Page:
Wisdom Book Practice Circle: The Wisdom Way of Knowing | Chapter 2: How the West Lost Its Wisdom

The Wisdom Way of KnowingOur Wisdom Waypoints Wisdom study of The Wisdom Way of Knowing by Cynthia Bourgeault is off and running! If you’re not participating in the online groups we’d still love to have you join the study in imaginal space, connecting from wherever you are with the energy of our collective engagement with one of our community’s core texts. As you read along, touch back here each month for a chapter synopsis and reflection from a Wisdom Waypoints Council member and feel free to share your reflections below.

This month we’re exploring Chapter II, “How the Christian West Lost Its Wisdom.” Cynthia begins by reminding us that the earliest followers of Jesus didn’t follow him because they’d read about him in the Gospels–that he was the Son of God who rose from the dead–no, all of that lay up ahead. There could be no “enlightened self-interest” at work. Rather, they followed Jesus because something in them recognized something in him–“a meeting of hearts in the present moment that somehow conferred full knowledge and consent.”

Here Cynthia quotes Bruno Barnhart, who reminds us that Jesus’ power as Wisdom master lies in his ability to “awaken that which lies at the core of my own being.” This is what the earliest disciples met in Jesus (and through that meeting, met in themselves)–first in Jesus as a person of history, and then, increasingly, as a living, imaginal presence–available directly through the heart.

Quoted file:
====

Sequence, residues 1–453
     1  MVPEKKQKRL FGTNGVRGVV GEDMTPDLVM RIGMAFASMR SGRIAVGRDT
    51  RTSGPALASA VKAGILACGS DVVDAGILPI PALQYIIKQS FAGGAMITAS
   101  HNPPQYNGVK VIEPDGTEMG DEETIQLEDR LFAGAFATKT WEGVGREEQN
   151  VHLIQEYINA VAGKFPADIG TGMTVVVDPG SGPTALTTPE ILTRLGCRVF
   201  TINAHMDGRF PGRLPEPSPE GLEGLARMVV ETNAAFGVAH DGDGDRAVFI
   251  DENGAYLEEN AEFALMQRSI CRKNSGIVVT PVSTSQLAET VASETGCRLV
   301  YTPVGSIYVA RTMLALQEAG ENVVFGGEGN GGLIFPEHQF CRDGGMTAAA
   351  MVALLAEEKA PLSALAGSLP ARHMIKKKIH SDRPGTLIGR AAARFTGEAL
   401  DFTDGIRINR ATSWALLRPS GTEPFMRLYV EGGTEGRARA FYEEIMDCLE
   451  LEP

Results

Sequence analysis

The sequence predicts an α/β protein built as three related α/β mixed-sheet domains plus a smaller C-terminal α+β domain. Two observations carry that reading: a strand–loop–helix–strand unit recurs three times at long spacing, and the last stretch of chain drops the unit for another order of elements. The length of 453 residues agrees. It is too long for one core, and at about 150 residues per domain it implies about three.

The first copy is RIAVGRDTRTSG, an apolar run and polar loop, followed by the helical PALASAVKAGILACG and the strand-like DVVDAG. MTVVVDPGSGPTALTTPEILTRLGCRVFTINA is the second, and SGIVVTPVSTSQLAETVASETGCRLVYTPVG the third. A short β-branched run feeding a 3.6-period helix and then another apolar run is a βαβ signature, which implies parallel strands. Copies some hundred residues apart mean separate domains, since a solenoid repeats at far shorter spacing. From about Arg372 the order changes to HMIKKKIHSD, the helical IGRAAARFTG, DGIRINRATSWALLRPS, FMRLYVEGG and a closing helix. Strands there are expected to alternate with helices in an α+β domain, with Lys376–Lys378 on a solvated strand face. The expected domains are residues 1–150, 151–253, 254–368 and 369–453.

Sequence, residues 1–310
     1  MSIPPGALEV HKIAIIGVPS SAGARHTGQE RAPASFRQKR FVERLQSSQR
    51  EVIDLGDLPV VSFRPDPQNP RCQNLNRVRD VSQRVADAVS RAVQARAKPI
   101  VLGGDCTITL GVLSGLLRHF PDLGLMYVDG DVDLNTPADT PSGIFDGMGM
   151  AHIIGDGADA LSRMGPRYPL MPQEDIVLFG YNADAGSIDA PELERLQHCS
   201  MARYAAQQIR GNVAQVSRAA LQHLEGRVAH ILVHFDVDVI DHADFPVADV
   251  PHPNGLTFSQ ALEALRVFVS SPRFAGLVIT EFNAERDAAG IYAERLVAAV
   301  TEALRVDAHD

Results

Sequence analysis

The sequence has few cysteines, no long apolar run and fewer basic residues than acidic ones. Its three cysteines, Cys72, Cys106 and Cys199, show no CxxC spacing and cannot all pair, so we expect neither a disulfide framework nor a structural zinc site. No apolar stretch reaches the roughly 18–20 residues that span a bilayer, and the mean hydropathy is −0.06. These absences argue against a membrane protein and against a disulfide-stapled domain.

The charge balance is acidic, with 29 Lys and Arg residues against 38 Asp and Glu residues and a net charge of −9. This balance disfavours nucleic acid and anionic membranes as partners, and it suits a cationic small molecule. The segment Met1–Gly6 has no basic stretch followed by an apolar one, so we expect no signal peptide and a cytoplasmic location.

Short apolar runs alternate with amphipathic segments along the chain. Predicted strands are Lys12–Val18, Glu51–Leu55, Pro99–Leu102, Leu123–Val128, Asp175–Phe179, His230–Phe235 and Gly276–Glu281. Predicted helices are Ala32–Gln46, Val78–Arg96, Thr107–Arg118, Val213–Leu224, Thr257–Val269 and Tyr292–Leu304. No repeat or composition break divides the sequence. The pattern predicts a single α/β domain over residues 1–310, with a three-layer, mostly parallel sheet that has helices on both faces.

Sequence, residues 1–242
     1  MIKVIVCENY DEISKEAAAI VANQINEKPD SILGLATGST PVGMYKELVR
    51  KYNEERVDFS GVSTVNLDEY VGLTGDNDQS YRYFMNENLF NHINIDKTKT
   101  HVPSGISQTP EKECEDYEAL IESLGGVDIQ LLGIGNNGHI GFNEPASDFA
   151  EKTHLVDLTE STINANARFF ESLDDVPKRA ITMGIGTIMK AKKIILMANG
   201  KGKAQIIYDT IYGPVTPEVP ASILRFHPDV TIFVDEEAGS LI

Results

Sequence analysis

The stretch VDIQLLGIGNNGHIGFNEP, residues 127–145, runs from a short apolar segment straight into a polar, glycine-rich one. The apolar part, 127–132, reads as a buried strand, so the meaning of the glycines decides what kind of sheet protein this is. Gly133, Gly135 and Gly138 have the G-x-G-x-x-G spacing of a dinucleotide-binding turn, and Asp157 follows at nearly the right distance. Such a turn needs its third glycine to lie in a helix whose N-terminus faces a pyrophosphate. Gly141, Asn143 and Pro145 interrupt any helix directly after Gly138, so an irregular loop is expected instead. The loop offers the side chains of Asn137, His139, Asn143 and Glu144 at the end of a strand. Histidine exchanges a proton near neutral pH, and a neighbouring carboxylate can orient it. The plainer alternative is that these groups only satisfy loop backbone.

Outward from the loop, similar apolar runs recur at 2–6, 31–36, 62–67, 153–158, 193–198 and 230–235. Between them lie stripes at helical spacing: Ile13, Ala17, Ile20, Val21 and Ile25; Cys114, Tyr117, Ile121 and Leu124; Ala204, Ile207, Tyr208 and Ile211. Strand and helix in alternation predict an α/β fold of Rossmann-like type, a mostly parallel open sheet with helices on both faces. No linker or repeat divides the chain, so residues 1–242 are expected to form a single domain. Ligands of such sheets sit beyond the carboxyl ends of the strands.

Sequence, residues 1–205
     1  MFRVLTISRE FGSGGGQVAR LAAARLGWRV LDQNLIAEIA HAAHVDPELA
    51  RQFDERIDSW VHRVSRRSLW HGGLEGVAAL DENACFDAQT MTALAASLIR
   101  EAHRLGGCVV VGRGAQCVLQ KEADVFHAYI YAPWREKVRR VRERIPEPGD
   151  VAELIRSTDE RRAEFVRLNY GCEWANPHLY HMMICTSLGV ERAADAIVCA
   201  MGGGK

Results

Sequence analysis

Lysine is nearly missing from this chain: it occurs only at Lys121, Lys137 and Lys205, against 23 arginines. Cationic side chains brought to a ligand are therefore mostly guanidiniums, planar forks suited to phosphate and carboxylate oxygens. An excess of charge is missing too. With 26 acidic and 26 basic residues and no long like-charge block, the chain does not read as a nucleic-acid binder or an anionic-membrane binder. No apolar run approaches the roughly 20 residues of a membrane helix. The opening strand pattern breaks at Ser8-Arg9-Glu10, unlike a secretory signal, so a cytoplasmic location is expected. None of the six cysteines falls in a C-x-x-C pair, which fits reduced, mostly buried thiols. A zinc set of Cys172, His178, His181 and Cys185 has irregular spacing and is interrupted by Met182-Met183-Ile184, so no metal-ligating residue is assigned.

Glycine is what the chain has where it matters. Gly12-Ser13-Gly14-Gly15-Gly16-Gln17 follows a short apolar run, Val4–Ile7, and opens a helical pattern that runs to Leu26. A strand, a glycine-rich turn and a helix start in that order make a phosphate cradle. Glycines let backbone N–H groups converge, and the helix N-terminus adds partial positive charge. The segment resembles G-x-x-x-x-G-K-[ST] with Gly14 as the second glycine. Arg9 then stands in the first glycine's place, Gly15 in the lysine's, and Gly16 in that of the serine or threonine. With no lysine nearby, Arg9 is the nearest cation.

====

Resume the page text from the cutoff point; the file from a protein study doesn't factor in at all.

But little by little, connection with that direct, living presence began to fade. In the fourth century, the Jesus movement merged with the forces of Empire, became the official state-religion, and this direct, intimate mode of heart-knowing was increasingly replaced by the “vicarious knowledge” of creedal statements. “Following Jesus” began to mean “believing the right things about him.” As a monastic friend of mine says about this period, “In the great creeds and councils of the Church, we attempted to hammer out the Mystery; instead, we just hammered the Mystery out.” Heart-centered, transformative knowing increasingly gave way to head-centered, intellectual assent.